The Good, The Bad And The Ugly Of Book Adaptations

Actor Jonathan Crombie died last week from a brain haemorrhage aged just 48 years. This was devastating news to women of a certain age for whom Crombie was and always will be Gilbert Blythe from the screen adaptation of L. M. Montgomery’s Anne of Green Gables series.

I love those books (all the more special because I have my mother’s copies) and I found the first adaptation very faithful and the sequel faithful in a “take the best bits from a few books” way. I prefer to ignore the later The Continuing Story movie which was something of a tarnish on the whole series.

Even after the umpteenth viewing (just the other day), the film version can still make me laugh and cry in all the same places. (Matthew’s death leaves me sobbing every time.)

I mentioned Crombie’s death at the dinner table the other night and this led to a rather extensive and intense discussion about screen adaptations of books with our three boys.

The following is a summary of the Good, the Bad and the Plain Ugly of adaptations as decreed by the MOSY Offspring.

WARNINGWe are a very nerdy household and I make no apologies for the nerdy leanings of the following reviews. If you’re looking for opinions on the adaptations of The Shipping News or Wuthering Heights, I suggest you look elsewhere.

These are the views of three boys aged 18, 16 and 13 and are strictly the ones they wanted to talk about with no prompting from their parents.

THE GOOD (OR AT LEAST OKAY)

Lord of the Rings

The Lord of the Rings Trilogy
Based on the books by J. R. R. Tolkien
Directed by Peter Jackson
Screenplays by Fran Walsh, Phillippa Boyens, Peter Jackson, and Stephen Sinclair (The Two Towers)

The View: Good adaptations and great movies in their own right.

Harry Potter

The Harry Potter Series (Eight movies)
Based on the seven book series by J. K. Rowling
Directed by Chris Columbus, Alfonso Cuarón, Mike Newell, David Yates
Screenplays by Steve Kloves and Michael Goldenberg (Order of the Phoenix)

The View: Very faithful to the books. The movies did cut out a lot from the books but they kept the best bits.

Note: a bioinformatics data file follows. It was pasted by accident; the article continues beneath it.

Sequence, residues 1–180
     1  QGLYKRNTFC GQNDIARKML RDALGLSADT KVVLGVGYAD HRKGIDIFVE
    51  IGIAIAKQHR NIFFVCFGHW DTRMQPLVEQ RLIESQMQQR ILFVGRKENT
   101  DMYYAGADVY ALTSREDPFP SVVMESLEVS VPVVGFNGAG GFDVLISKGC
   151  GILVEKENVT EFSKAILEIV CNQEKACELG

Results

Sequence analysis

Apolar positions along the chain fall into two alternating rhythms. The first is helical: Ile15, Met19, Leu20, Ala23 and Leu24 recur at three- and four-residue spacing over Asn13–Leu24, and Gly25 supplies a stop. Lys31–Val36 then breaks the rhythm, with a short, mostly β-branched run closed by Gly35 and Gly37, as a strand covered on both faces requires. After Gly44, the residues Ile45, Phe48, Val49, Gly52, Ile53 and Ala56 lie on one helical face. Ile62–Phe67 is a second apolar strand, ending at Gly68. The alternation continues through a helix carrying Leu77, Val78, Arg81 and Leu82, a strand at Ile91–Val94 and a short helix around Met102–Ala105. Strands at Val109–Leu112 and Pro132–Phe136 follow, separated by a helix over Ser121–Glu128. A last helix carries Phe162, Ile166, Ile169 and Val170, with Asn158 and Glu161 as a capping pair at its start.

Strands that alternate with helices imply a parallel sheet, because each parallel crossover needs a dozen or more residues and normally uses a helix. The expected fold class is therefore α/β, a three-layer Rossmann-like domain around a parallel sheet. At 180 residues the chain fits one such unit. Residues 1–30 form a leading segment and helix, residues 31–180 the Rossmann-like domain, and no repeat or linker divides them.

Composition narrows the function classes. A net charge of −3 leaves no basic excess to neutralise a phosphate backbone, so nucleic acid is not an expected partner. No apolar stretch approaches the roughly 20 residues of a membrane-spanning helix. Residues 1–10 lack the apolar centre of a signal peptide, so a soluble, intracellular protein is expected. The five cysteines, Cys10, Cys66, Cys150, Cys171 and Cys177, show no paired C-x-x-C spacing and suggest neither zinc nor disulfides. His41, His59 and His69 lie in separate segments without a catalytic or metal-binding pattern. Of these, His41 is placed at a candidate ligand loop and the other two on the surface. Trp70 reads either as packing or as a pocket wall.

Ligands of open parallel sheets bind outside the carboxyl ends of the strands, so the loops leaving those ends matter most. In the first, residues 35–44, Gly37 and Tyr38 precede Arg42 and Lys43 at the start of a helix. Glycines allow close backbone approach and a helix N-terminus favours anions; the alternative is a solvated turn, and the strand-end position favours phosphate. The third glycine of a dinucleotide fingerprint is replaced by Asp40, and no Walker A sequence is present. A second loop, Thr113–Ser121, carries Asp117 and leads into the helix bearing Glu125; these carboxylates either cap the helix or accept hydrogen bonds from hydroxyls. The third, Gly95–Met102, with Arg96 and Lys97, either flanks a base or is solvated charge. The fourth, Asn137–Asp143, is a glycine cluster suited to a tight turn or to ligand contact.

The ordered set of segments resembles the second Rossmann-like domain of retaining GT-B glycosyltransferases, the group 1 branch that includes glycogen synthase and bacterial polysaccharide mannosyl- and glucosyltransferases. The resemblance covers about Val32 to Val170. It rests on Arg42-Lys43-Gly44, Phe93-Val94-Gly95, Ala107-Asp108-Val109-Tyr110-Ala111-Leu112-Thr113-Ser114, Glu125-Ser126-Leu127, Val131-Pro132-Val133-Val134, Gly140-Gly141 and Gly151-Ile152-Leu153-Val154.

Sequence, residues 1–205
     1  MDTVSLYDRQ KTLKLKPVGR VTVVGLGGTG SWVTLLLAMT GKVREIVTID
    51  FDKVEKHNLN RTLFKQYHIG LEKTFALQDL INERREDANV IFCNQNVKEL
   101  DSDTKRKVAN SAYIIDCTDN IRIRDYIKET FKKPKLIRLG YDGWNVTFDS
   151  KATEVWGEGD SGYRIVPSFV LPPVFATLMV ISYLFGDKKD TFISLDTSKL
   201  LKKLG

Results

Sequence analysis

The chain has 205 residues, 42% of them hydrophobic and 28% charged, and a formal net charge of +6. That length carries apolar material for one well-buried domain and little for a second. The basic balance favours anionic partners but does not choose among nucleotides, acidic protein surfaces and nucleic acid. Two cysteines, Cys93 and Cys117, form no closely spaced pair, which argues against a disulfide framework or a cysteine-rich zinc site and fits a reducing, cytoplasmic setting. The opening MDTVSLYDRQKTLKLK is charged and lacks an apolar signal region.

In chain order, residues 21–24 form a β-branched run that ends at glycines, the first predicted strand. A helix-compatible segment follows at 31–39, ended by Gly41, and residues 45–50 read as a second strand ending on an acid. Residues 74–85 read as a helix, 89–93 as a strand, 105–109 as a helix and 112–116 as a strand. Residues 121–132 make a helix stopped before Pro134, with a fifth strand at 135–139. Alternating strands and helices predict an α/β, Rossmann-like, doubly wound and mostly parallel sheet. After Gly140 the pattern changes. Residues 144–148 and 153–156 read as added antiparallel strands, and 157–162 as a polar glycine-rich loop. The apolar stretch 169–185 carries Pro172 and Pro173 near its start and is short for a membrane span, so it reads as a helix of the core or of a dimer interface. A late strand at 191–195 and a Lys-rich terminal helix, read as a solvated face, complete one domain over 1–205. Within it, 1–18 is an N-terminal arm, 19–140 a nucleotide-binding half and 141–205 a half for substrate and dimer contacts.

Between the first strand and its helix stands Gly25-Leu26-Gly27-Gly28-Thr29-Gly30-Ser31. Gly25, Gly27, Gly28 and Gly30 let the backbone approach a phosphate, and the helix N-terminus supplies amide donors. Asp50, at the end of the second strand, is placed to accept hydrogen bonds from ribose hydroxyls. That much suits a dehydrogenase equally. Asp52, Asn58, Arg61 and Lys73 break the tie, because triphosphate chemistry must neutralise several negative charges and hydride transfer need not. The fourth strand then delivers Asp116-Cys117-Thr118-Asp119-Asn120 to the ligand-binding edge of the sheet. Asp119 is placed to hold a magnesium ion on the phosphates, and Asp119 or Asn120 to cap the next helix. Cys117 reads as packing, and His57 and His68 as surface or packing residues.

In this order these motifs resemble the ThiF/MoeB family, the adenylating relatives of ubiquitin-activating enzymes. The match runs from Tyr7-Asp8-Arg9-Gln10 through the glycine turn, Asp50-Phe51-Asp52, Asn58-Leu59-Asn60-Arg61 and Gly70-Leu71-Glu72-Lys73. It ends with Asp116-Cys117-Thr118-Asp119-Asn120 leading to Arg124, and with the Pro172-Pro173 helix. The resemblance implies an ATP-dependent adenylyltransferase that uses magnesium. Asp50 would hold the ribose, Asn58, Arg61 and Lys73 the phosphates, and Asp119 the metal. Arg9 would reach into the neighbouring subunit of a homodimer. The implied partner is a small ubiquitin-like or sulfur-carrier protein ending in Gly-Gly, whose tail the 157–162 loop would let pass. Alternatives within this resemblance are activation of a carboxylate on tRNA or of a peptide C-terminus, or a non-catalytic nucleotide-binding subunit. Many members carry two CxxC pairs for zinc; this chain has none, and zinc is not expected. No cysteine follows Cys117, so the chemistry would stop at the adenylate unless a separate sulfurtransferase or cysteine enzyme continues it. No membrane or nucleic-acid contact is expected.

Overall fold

Hugo

Hugo
Based on the book by Brian Selznick
Directed by Martin Scorsese
Screenplay by John Logan

The View: Great adaptation! This was a great movie adapted from a book that is mostly illustrations but done very successfully.

The Lion, the Witch and the Wardrobe

The Lion, the Witch and the Wardrobe
First of the Chronicles of Narnia movie series
Based on the book by C. S. Lewis
Directed by Andrew Adamson
Screenplay by Ann Peacock, Andrew Adamson, Christopher Markus, Stephen McFeely

The View: Movie was semi-faithful to the book. It was a good adaptation. There was a drop on the symbolism and it was more of an action movie.

Scott Pilgrim

Scott Pilgrim vs The World
Based on the comic books by Bryan Lee O’Malley
Directed by Edgar Wright
Screenplay by Michael Bacall and Edgar Wright

The View: Amazing comic book adaptation. Cut out a lot but still great. The movie even on its own is amazing.

Stardust

Stardust
Based on the book by Neil Gaiman
Directed by Matthew Vaughn
Screenplay by Jane Goldman and Matthew Vaughn

The View: Loved the movie but too much from the book was changed. It lost a bit in translation.

Hunger Games

The Hunger Games (Four movies)
Based on the books by Suzanne Collins
Directed by Gary Ross (The Hunger Games) and Francis Lawrence (Catching Fire, Mockingjay Parts 1 and 2)
Screenplays by Gary Ross, Suzanne Collins, Billy Ray (Hunger Games), Simon Beaufoy, Michael Arndt (Catching Fire), Peter Craig, Danny Strong (Mockingjay)

The View: Each movie’s merit is quite different. The first movie was good but not much energy in it. The adaptation was very close. “They made it their own.” (Direct quote from Middle Son.) The second movie was a much better adaptation and closer to the book. No opinion offered on the third and fourth movies (possibly not seen yet).

Tintin

The Adventures of Tintin (Animation)
Based on the comics by Hergé